Venice is filled with fantastic boats.
There are many types to admire, but we concentrate mostly on gondolas here.
There are some standard decoration and design parameters,
but every now and then someone thinks outside the box.
This post is about one such gondola.
Looking at the above photo, can you guess which one we're talking about?
Mhmm. Red seats, varnished wood, gold cavalli.
I have to thank my friend Tim Jones for these photos.
I'm impressed with his eye for things,
and jealous that I wasn't able to see this gorgeous boat in person.
Like most of her floating sisters, she's got an iconic ferro blade and the traditional elements we've come to expect in a hull.
This hull appears to have been built at the famous and prolific Cantieri Crea, as is evidenced by the gilded carving on the caenelo.
Now let's look at the things that make this gondola so remarkable.
This is not the first gondola I've seen with red seats, but these are some nice ones and the ropes and pom-poms tie things together nicely.
The gold plated cavalli are fantastic - some of the nicest I've seen.
Ahh, but it's what those cavalli are mounted on that had me gazing at the photo for a good five minutes:
Intricately carved and fully varnished pusioli.
The bancheta (small bench), and careghin (special gondola chair) are also varnished. It looks like the floorboards are partially finished out in varnish too - showing the beautiful wood grain.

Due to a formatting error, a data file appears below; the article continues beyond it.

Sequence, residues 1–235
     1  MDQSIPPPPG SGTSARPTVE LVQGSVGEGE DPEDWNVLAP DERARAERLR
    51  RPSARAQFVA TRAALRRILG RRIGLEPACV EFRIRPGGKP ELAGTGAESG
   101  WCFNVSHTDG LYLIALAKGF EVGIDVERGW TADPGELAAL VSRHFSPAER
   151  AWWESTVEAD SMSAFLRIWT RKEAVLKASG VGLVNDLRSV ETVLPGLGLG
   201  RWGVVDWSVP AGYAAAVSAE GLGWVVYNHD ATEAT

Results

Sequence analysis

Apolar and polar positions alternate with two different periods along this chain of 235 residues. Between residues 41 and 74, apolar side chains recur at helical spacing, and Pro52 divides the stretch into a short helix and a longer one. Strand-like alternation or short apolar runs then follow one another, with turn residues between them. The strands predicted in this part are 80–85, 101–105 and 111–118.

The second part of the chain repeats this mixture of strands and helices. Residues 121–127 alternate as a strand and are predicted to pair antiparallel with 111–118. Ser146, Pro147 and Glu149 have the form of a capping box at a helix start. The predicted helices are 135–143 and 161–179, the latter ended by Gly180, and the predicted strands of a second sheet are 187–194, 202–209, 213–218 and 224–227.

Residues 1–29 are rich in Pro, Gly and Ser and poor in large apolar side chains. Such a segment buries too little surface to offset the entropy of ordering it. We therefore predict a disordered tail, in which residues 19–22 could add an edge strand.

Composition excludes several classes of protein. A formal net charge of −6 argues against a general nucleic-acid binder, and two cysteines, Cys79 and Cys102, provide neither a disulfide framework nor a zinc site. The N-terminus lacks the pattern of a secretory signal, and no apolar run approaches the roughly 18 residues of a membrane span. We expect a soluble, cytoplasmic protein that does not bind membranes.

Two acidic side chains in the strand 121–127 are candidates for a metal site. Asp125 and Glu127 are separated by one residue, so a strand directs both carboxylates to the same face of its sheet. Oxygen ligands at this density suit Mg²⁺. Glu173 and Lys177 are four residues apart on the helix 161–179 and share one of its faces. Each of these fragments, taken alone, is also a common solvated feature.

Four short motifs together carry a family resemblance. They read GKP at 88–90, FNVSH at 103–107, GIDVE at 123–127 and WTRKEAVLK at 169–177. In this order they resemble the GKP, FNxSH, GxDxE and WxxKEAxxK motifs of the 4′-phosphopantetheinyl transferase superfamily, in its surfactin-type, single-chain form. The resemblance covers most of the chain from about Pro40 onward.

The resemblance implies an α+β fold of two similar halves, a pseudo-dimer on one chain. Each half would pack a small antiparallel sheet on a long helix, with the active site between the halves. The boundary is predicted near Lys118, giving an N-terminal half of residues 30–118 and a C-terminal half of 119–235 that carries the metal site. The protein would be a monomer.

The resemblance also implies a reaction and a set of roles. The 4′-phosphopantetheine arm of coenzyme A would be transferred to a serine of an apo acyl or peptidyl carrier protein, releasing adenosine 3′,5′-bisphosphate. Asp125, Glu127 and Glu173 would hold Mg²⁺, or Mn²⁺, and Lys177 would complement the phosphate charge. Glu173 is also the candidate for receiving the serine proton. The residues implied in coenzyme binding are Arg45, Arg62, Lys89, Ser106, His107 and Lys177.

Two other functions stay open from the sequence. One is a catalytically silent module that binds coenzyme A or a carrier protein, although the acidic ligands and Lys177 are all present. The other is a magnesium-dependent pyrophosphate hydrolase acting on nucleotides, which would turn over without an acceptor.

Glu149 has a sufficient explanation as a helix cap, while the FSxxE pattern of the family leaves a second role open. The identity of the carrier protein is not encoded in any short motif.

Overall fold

The term we use for all of these items is "parecio" - parts of the gondola which are removable.
A heck of a long time ago, some very important Venetians mandated that gondolas were not to be painted, and because these boats were treated with pitch for waterproofing at the time, they were naturally black.
I'm not sure if it was approved or if gondola builders just started painting the boats black and got away with it.
To this day, gondolas are required to remain black,
buuuut, there are those removable pieces, and who says that they have to be black?
The owner of this gondola seems to have taken full advantage of that wonderful loophole.
He's also incorporated fodra boards with intricate paintings depicting a rowing regata with Venice in the background.
I'd like to thank Tim Jones for these photos.I'd also like to thank the owner of this boat for
leaving me with a severe case of "gondola envy".
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